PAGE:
How the mighty have fallen: Unexpected relegations
Argentine giants River Plate are enduring the bleakest period in its 110 year existence after succumbing to what seemed nothing more than an improbable assumption, relegation to the second tier of their domestic game. The thought of one of South America’s premier entities falling from grace would have seemed an absurd thought, yet the old cliché of ‘anything can happen in football’ has certainly echoed its purpose. Bearing that in mind, Los Millonarios are not the first, nor the last, big name club to fall below the trap door.
Soccerlens takes a look back at some of the star studded clubs that have slipped through the cracks from their top tier leagues and into the lower echelons of their domestic game.
River Plate: 2011
Where else to begin other than with South America’s wounded animal. Daniel Passarella was once idolised as a player at the Estadio Monumental Antonio, as well as across the whole of his native Argentina having lead his nation to their inaugural World Cup triumph on home soil in 1978. Now he is being lambasted with criticism as the River club president is having the finger well and truly pointed at him for the club’s plight.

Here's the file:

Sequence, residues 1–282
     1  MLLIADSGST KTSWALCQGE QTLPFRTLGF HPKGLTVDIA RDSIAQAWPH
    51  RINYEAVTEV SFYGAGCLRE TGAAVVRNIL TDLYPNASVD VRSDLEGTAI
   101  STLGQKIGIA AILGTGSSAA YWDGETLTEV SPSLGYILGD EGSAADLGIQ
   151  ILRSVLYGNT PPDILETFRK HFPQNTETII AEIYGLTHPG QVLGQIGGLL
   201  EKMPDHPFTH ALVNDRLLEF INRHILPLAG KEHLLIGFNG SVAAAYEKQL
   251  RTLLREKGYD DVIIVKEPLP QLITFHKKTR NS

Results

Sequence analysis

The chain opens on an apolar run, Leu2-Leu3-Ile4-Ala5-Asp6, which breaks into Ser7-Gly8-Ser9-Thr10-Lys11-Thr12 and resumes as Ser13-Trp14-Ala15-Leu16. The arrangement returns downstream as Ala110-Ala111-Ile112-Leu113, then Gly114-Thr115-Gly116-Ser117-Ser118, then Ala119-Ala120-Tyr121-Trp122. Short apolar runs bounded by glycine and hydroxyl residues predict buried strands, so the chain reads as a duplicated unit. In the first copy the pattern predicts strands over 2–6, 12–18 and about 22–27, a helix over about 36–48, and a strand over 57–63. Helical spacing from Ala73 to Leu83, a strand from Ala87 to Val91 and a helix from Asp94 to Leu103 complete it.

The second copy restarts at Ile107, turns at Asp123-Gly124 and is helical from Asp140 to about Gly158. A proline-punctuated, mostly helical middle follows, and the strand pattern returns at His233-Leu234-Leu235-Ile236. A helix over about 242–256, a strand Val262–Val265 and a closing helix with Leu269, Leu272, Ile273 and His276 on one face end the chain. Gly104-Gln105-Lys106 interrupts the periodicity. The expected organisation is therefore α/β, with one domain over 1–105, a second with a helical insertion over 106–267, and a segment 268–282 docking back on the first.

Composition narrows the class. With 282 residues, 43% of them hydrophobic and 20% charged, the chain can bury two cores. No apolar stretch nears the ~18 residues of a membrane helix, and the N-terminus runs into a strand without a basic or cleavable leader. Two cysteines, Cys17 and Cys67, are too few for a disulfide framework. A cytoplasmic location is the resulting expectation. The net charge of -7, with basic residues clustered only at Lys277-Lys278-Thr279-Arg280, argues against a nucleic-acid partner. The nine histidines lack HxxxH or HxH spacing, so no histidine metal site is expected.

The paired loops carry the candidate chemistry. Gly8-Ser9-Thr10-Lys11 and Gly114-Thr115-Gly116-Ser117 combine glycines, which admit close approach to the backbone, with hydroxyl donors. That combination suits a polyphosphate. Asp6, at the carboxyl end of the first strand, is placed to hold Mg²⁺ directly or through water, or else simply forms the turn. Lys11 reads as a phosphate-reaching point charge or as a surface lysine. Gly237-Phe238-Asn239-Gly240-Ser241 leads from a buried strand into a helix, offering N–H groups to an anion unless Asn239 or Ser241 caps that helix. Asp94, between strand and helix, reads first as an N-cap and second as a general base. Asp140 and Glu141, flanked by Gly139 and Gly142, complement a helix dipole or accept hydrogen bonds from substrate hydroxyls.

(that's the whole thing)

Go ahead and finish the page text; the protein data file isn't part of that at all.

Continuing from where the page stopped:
River failed to overturn a two goal deficit from their first-leg with Belgrano in Sunday’s promotion/relegation play-off, resigning them to National B. Playing at home, the team in red and white could only salvage a 1-1 draw with the game being called off a minute from time as trouble flared in the stands. The home supporters vented their anger, leading to 89 people being injured as trouble spilled onto the streets of Buenos Aires.
River have been Argentine champions a record 33 times. It remains to be seen just how long it will be before they can contemplate claiming another.
The most successful team in calico ended up winning yet another league title in 2006 – only to end up playing in Serie B three months later. The Old Lady’s performances on the pitch did not culminate in their demise, but instead from the overtures of wrong doing by personnel off it.